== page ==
How Long Must I Keep Up This Sham of Enjoying Obscure Metal?

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Welcome to one of my several social media pages. Here you will find a carefully curated selection of unsigned or barely signed musical groups established enough that they may generate some healthy albeit fleeting online buzz among my peers, yet not so well known that I risk a taste that borders on appearing typical. You see, I have a complex sonic palette that’s grown and matured after years of experience with the metal genre. My propensity to appreciate raw, lo-fi, noisy, aural harshness far outweighs any feigning respect I have or ever had towards the polished, basic, passé, overrated, entry-level metal music that I actually listen to most of the time.

Sure, back when I was very young I was all about your Iron Maidens, your Metallicas, your Judas Priests, your Black Sabbaths and whatever the linguistically appropriate way to pluralize Sepultura is. How old were you when you first started listening to that stuff? Oh okay, whatever number you said, I was younger by several years.  Like, before I could talk even I was over that stuff, which explains how much deeper in I am than you.

I either got into metal from thinking Metalocalypse was funny or playing Guitar Hero, I don’t remember. That Dragonforce track was fucking nuts though.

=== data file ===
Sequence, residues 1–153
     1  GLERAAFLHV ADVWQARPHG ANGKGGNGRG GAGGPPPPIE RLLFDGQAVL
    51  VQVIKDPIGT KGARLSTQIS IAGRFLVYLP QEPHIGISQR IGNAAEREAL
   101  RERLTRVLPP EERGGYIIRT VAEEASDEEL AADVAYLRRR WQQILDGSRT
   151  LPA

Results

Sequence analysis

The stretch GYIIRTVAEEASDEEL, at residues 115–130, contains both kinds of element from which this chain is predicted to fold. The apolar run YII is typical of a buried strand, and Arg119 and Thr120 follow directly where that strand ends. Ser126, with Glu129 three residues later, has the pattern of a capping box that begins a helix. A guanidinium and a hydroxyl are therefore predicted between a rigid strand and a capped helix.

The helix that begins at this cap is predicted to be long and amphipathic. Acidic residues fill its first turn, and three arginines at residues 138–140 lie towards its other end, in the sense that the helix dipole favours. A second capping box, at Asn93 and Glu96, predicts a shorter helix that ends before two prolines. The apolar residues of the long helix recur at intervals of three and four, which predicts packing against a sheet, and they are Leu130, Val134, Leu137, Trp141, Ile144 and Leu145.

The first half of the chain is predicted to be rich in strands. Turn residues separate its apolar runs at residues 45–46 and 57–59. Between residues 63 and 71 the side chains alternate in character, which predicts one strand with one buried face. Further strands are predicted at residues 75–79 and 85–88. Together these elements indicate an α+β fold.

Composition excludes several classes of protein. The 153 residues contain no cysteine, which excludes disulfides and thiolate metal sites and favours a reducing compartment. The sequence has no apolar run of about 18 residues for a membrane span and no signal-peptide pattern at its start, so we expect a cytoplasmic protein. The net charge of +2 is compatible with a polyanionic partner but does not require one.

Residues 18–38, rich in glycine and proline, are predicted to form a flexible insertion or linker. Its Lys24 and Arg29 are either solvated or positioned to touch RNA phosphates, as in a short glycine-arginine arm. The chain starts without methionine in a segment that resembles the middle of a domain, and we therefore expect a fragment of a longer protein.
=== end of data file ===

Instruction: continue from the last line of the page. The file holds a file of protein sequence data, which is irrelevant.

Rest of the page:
It just disgusts me on a personal level when someone stops at the most basic level with their metal listening. Clearly in those cases, you’re dealing with a person who hasn’t taken the time or effort to explore the genre’s deepest darkest corners; hence therefore has but minimal interest in the music for which they claim fandom. Only when one dives into the genre’s greatest depths and saves their admiration exclusively for the treasures uncovered below, can he or she consider oneself a “metalhead”.

When I drive, I listen to Arch Enemy with my windows up, and I turn it way down when stopped at red lights just to be safe.

My Iced Earth and Dimmu Borgir t-shirts have long since become worn and faded, grayed out and eventually tossed away; much as my feigning adoration for these mainstream groups themselves. Now I utilize my band shirt or general merch choices as a means to represent the underrated and lesser known; the groups that not only deserve my endorsement, but require it. As a metal fan with the coveted wherewithal to discover and appreciate bands whose style of sound reaches far beyond the status quo, I accept it as my duty to don the apparel of these bands. Bands of which are too harsh, too violent, too controversial, too lacking in a sense of conservative musical structure for a novice listener to be able to comfortably consume, let alone recognize and appreciate the mastery at work in this regard.

I liked every Mastodon release.

This isn’t to say I don’t know my place; when and where to truly honor the greats. We all had to start somewhere, METAL –after all — had to start somewhere. While I have grown well past finding the music palatable, I would never be so brash or small-minded to deny the immense influence on the genre that these bands had. When I’m asked what the very best albums are, I will know exactly what to tell you. I’ll say Death, I’ll say Bolt Thrower, I’ll say Venom, Slayer, Mercyful Fate, or even Mayhem; bands whose works were undeniably critical in forming the foundation for which all great metal music has been built. Although tired to many of us, their tenure is warranted, and we should never neglect to award credit where credit is rightly due.